If you buy a computer today, the best thing you can invest money in is an SSD or solid state drive. These new drives bring speed to systems that hard drives cannot, and never will be able to. SSDs tend to be more expensive than hard drives and they will eventually fail. You have to keep an eye on your SSD’s health and there are quite a few tools that you can use to do it.
Many of the tools available for checking the health of an SSD will give you a simple diagnosis e.g., your SSD is in good health, or it’s fair, or something else. The tools may or may not be able to give you the actual wear indicator for your drive. If you’re unable to see the wear indicator for your SSD with simple third-party tools, here’s what you can do.
Proprietary SSD managers
When a third-party app fails to read critical information about an SSD, it likely has to do with the manufacturer of the SSD locking it down. Fortunately, most SSD manufacturers provide their own free apps for checking the drive’s health and that is what you should use.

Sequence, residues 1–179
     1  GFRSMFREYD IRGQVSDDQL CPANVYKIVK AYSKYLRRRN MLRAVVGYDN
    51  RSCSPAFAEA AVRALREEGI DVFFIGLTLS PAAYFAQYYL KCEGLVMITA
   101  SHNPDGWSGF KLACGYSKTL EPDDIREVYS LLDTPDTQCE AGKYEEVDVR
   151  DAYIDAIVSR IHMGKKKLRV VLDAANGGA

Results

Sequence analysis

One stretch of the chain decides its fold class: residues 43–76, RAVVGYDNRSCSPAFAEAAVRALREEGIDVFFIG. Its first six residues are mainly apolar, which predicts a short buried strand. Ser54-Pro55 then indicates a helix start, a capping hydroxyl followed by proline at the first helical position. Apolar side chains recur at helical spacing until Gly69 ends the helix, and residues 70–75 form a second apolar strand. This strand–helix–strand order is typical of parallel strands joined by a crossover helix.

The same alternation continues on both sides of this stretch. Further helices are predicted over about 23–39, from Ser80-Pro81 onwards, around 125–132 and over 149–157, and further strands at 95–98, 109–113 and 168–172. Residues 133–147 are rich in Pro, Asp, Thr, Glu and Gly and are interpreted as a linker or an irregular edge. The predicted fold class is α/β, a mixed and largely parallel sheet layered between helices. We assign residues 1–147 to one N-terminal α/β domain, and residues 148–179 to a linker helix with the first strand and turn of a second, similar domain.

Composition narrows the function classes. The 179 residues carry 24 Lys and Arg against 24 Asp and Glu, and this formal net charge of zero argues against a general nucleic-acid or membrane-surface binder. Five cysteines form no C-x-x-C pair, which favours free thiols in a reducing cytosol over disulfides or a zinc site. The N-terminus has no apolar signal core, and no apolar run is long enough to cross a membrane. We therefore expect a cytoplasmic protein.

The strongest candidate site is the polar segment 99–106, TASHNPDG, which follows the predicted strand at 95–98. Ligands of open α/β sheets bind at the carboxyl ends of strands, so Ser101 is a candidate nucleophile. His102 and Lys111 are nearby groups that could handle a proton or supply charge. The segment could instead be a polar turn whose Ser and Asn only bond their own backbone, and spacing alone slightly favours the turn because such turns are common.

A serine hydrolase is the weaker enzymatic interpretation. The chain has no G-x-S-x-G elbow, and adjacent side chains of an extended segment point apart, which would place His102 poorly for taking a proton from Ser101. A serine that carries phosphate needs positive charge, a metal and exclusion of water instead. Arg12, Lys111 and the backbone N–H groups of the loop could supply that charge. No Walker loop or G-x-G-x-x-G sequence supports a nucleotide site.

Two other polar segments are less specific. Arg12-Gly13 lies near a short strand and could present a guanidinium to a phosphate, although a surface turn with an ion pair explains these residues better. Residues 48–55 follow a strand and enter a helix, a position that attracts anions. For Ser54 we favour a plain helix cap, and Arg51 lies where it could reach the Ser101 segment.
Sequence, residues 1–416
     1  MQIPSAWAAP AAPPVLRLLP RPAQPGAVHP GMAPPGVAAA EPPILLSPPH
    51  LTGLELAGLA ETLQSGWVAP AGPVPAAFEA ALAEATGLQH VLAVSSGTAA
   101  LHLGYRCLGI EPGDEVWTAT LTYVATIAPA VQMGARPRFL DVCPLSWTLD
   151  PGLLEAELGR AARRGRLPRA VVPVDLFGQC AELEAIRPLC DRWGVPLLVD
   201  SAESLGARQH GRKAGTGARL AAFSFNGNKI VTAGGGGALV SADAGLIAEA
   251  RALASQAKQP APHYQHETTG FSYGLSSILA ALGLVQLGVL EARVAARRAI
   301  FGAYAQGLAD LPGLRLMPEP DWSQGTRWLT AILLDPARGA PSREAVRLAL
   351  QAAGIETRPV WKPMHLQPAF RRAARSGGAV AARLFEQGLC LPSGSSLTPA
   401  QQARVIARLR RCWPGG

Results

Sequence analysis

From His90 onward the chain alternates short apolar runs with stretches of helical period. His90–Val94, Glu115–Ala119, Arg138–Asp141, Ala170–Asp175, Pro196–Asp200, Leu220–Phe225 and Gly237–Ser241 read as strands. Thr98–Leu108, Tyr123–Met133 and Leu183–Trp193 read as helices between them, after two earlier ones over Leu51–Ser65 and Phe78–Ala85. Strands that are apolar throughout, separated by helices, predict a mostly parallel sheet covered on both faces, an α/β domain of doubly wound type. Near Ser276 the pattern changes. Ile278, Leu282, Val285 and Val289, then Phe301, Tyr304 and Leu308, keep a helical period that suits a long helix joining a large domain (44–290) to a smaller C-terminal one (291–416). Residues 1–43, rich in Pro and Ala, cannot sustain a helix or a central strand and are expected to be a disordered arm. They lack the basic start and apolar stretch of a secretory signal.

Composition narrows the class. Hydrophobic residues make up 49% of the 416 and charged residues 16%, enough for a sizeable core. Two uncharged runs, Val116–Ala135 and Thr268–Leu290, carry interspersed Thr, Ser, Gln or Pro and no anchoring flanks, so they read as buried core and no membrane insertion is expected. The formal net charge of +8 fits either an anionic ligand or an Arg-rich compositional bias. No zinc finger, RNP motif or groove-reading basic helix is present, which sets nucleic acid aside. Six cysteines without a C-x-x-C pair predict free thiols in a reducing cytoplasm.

Here are three SSD managers from popular manufacturers. If you have an SSD from a different manufacturer, check their website for available software that can manage it.
The app should be able to show you the wear indicator, and it will be able to give you far more details about the health of your drive than a third-party app could. It’s also a good idea to have the app on your system in any case.
These apps are specific to the SSD you have i.e., the Samsung Magician app won’t be able to do much if you have a Kingston SSD. It may be able to run some tests but they may not be accurate.
We should also warn you that if you attempt to run too strenuous a test on an SSD from a third-party app, you may void your warranty. Be careful and run stress tests only if it’s absolutely necessary.
The health indicators should be more than enough to tell you if your SSD is failing or not and if it is, do not put off replacing it. At the very least, make sure your important data is backed up so that in the event of a disk failure, you don’t lose it.